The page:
Why American Single Malt Is The Whiskey Trend You'll Keep Seeing More Of

You may have seen the news about Frey Ranch Distillery's debut American Single Malt Smoked Whiskey. Single malt whiskey is something of a novelty in the American whiskey scene and we were curious about why the distillery chose that route. To find out more, we talked to Colby Frey, Whiskey Farmer and co-founder of Frey Ranch Distillery.

"Kentucky Bourbon has been the darling of the American Whiskey category for years," Frey told us. "And rightfully so, but distillers are experimenting more than ever and the grains they distill are central to that conversation and what's pushing the category in new and exciting directions. Additionally, the American palate is expanding — and with greater access to more international whiskies — it makes sense that American distillers are looking to capitalize on those trends." One particularly popular international version is Scottish whisky, which is known for using a single malt mash bill.

But it isn't just marketing and hype. The craft whiskey boom is fueling a lot of experimentation with new and higher-quality products. As Frey put it, "I think people are pushing the envelope and experimenting with other types of grain to differentiate themselves in a crowded category. Craft distilleries, in particular, are willing to push the envelope vs. the traditional large distilleries who are more married to their traditional processes... The flavor profiles you can create with malted grains really opens up a world of options — and gets consumers excited."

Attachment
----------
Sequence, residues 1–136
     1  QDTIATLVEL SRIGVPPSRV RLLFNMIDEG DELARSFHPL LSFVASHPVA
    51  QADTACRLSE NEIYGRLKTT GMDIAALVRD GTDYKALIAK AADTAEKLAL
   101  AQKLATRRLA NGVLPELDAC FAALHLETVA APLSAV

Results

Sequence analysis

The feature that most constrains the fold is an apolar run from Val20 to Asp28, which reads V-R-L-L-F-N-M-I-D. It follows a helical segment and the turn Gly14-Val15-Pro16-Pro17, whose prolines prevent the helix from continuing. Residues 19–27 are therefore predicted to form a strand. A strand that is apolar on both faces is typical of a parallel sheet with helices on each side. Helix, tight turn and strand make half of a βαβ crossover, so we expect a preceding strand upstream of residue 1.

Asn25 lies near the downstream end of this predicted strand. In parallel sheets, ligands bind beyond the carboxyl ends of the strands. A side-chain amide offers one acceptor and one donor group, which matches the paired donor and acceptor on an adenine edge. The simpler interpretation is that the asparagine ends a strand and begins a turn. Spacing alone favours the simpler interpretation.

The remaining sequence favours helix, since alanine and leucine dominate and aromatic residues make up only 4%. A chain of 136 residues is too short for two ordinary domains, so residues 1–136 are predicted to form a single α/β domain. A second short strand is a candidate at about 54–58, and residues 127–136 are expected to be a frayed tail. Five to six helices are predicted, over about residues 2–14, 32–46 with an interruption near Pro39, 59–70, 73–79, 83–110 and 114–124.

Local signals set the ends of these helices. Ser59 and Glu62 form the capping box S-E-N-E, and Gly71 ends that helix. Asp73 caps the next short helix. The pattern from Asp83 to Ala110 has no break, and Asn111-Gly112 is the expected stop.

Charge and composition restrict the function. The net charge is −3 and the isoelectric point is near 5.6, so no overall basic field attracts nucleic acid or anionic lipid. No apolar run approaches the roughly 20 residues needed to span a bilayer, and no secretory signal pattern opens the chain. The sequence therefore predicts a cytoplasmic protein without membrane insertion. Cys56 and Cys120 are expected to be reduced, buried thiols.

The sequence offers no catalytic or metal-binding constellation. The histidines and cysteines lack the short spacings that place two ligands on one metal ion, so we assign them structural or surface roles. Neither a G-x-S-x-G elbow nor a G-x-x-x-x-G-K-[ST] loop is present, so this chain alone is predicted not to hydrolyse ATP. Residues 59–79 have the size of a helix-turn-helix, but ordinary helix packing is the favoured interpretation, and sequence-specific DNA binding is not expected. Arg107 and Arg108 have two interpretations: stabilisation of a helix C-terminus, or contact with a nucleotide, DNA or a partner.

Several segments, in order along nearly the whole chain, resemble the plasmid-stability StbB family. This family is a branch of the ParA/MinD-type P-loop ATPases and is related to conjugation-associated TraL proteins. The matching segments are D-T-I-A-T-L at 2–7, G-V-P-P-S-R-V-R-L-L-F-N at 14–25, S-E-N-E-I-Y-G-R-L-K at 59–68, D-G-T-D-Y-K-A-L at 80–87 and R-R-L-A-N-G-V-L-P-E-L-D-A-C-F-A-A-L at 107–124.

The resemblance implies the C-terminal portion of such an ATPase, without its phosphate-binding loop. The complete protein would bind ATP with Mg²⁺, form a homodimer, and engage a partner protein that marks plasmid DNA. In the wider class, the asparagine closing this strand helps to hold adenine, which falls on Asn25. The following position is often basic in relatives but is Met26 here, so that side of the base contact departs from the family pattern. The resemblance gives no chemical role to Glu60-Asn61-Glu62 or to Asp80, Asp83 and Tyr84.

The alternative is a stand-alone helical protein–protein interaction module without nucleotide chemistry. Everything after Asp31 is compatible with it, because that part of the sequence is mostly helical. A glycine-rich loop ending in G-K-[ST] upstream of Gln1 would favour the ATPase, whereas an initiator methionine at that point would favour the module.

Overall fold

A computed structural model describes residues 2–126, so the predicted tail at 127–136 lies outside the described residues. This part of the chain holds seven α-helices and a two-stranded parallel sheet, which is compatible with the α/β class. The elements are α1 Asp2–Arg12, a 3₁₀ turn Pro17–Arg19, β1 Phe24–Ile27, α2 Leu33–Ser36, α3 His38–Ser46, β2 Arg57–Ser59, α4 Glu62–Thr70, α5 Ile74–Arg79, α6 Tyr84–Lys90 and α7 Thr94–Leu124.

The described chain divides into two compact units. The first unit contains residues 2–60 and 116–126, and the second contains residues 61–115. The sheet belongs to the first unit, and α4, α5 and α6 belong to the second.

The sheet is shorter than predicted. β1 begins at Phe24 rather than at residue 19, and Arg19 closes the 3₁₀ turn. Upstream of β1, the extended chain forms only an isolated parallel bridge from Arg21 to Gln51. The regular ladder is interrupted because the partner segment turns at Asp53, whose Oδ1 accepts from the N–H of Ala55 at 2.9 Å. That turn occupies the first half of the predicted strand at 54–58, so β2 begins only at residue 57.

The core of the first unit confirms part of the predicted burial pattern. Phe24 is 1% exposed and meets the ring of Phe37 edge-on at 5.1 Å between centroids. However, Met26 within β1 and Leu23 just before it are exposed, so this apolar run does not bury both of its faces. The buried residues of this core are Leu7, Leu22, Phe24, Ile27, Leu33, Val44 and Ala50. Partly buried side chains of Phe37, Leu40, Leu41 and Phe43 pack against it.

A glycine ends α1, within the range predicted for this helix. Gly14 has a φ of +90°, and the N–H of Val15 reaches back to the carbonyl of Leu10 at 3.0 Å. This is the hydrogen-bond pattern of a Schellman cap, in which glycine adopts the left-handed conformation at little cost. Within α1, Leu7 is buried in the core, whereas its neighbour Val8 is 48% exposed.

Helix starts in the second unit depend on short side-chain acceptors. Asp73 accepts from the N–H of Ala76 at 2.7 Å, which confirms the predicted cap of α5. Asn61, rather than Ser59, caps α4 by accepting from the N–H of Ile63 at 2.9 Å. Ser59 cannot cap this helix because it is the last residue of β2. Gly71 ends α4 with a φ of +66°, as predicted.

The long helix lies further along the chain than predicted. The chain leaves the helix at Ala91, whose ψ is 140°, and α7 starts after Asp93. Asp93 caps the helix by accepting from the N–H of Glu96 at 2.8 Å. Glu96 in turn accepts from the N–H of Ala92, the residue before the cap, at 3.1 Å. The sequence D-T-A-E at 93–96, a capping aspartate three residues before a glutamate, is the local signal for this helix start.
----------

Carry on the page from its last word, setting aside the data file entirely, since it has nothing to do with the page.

How will American single malt be different?

Although we can't know for certain what the American take on single malts will look like, we can take some educated guesses. The first thing to keep in mind is that the idea of single malt is closely connected to Scottish whisky. Traditionally, a good portion of scotch was smoked with peat. Peat is a dense layer of organic material that sits in the upper layer of marshes and bogs. It's a nonrenewable resource since it takes thousands of years to build up, meaning it will one day run out. Scotland has plans to eventually end the sale of peat to reduce the environmental impact and cut down on pollution, which will undoubtedly impact how scotch is made. America doesn't have quite the same abundance of peat, but that didn't stop Frey Ranch from smoking their single malt. Frey Ranch MacGyvered an old silo into a DIY smoker and used the organic debris from their farm to make a peat alternative. That's American ingenuity for you.

Another difference that may seem inconsequential but which will have a huge impact on the product is climate. Scotland is cold and humid, while much of the United States is dry and hot (relatively speaking). When scotch is aged in the barrel, the humidity causes the alcohol to evaporate faster than the water, resulting in a lower-proof whiskey. With Americans' love for high-proof whiskeys, American single malts may evolve to become a high-proof alternative to low-proof scotch.